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Pyotr Vostokov: “A Good Musician Is a Good Person“


On January 7, the Orthodox Christmas, the Big Jazz Orchestra, conducted by Pyotr Vostokov, twice performed its special Christmas program The Nutcracker. On that day, we talked to the director of the orchestra and learned a lot about the work of the jazz musician, his teaching experience, and about how one should begin when listening to jazz. 

Do you remember your very first performance on stage? What did you feel then? And what are your emotions when you come on stage now? 

I vaguely remember my very first stage performance, it was a long time ago. I began attending a musical school at the age of six, but I do remember very well our orchestra’s first concert. The fact is, that initially it was a little experiment, we didn’t think of going on. As a trumpet player, I participated in many orchestras, and it was very interesting for me to see what it would be like to form my own orchestra. It seemed nothing would come of it, but at the first concert, practically from the very first sounds, I caught myself thinking that it was going to last. We began to gather together and practice, and a month later we had a second concert; it was seven years ago. Now everything is totally different: at each concert, I firs of all try to fully immerse myself in the music, in order to convey the most important thing – the idea of the arranger and the composer. To convey the essence of the spirit, one should understand very well how it should sound, how the melodic lines are presented. Both working with the orchestra and during our stage performances, I use all my emotions to make it sound just that way.  

When you speak about the Big Jazz Orchestra, you usually say that it is a group of like-minded people. What is more important for you: a musician’s personal traits or talent?

I don‘t separate such things from each other, that’s especially important in jazz music. Even if you are not a soloist or improviser, but an orchestra musician, the personal component is very important, a person should be liked, respected, should be a good interlocutor, it’s very important to me. Only with such people is it possible to discuss something, to ask them to do things in a certain way, as we work on and prepare a program. So, I believe that a good musician is a good person. Some think that somebody can be a good musician, but not much of a person, but honestly speaking, I don’t know anybody like that. There are, of course, guys whom I don’t find pleasant, but technically they are wonderful trumpeters or saxophonists, but we don’t really need anything like that. From the very beginning, I wanted to work only with people whom I consider nice and who “speak the same language.” When the orchestra was being formed, half of the people were the ones I had played with some time before and who shared my musical preferences. The scores required a certain number of trumpeters, trombonists and saxophonists. The very year when we began establishing the orchestra, I began teaching at the Gnessin Academy, so I involved some of my students. Now we have four trumpeters, and two of them are my former students. And, of course, we are all united by common tastes in jazz music. First of all, I mean traditional forms of jazz, though we make quite different programs, but you can’t please everyone, so I make decisions and set the general tone.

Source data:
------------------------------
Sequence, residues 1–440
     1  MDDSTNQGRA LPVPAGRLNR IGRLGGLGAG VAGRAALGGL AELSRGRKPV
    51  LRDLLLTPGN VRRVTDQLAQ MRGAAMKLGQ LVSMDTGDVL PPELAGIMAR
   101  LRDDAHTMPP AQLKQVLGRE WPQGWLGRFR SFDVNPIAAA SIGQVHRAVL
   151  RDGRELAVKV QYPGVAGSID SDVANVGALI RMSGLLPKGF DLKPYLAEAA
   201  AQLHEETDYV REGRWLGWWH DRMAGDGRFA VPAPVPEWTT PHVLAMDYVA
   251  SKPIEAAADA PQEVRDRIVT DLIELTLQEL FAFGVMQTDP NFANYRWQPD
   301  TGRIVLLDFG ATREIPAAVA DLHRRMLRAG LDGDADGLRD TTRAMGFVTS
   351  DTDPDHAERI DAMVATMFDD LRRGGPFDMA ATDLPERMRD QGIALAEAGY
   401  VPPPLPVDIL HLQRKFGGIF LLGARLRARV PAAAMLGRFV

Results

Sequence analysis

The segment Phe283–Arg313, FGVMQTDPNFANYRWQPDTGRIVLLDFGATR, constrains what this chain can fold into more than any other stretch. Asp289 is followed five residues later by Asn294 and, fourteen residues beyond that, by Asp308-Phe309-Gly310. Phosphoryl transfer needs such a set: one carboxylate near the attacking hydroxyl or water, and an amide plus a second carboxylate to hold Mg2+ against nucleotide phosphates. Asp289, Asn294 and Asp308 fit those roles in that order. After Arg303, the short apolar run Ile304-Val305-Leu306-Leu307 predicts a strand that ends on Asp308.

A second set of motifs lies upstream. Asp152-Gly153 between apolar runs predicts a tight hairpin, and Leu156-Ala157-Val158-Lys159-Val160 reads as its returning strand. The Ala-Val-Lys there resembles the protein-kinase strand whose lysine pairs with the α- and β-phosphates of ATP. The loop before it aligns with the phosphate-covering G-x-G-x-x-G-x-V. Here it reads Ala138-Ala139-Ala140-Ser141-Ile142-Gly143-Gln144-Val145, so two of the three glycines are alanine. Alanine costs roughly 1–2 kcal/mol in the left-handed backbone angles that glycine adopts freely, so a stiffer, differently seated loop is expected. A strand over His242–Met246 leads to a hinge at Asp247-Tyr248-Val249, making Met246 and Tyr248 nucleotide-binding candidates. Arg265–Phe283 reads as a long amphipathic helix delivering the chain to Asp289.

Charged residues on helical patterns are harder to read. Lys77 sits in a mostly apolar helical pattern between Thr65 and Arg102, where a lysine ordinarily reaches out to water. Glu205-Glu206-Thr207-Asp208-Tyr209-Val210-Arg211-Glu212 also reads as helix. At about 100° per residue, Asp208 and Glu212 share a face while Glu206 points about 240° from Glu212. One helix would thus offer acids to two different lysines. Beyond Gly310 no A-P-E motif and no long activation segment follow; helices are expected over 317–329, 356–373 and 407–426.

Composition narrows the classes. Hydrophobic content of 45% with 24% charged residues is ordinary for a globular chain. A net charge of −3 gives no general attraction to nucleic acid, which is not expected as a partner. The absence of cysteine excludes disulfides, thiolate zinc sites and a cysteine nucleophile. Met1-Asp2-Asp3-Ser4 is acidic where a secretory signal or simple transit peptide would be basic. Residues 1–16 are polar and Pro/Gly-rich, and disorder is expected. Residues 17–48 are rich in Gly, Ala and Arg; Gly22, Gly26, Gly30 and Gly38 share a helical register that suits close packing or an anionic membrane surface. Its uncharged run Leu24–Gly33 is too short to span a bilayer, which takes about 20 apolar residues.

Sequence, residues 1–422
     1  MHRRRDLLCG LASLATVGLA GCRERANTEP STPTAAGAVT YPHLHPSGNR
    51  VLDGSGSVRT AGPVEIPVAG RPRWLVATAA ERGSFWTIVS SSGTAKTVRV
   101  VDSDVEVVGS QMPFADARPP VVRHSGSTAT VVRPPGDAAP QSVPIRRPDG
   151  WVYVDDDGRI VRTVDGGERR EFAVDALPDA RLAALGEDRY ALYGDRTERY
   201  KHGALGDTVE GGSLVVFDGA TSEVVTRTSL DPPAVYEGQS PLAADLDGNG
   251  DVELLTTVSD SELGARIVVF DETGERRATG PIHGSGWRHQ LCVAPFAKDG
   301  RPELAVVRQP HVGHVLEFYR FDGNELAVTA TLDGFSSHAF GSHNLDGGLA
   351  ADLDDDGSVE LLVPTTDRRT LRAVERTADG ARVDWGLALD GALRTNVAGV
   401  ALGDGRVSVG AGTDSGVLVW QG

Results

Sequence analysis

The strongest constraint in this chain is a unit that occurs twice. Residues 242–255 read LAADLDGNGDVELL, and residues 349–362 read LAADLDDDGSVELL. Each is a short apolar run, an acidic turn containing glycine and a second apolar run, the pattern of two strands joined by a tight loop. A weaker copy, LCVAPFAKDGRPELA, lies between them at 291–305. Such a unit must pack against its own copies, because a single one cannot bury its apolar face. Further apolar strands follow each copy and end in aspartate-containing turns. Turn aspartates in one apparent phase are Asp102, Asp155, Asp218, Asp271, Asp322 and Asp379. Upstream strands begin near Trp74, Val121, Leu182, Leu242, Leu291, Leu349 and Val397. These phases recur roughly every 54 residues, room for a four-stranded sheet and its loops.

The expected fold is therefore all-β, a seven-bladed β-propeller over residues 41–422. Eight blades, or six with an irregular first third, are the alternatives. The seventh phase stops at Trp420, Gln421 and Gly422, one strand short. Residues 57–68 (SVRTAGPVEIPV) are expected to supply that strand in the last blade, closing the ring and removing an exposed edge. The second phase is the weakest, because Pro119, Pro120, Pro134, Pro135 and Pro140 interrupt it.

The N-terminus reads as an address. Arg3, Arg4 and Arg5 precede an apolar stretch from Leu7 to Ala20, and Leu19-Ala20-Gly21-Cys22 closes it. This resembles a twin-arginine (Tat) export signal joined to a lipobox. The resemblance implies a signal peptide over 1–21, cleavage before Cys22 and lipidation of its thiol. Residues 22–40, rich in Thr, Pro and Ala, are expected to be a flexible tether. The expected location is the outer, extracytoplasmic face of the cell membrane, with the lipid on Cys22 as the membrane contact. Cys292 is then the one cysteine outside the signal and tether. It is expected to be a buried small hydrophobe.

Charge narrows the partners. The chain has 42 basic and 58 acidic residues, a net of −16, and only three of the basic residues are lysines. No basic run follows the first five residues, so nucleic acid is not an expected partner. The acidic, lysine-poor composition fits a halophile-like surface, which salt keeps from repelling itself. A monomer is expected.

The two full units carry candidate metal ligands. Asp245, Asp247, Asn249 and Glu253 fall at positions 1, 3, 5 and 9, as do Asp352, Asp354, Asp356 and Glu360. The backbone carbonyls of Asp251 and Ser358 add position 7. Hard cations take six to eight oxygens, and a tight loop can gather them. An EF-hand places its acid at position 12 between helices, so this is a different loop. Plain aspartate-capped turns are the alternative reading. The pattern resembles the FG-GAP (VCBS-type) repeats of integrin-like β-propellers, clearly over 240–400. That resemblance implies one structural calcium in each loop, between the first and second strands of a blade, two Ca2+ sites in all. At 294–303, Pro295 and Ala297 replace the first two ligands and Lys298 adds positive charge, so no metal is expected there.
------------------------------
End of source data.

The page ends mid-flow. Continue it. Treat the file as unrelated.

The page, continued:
Many jazz musicians work with several groups. Can there be any conflict of interests? Is there competition in that community?

It is absolutely normal. It seems to me there is no serious competition in jazz. If there were, it would affect the amount of work a jazz group, be it big or small, gets. As for psychological competition, being a group of rather young people, we want to play better or at least prove we are as good as distinguished groups. The only problem is to communicate it to the audience, to convince them, because it often happens that the spectators are prejudiced in advance: they believe that if it is a well-known name, a brand, it is unquestionable. And it makes for a very good opportunity, because when you need to prove you are no worse, you have to play much better, to make it obvious. We have just one option – to play well. Sure, all concerts are different, but in general we have to show a certain level. And it is good motivation to really grow professionally and creatively.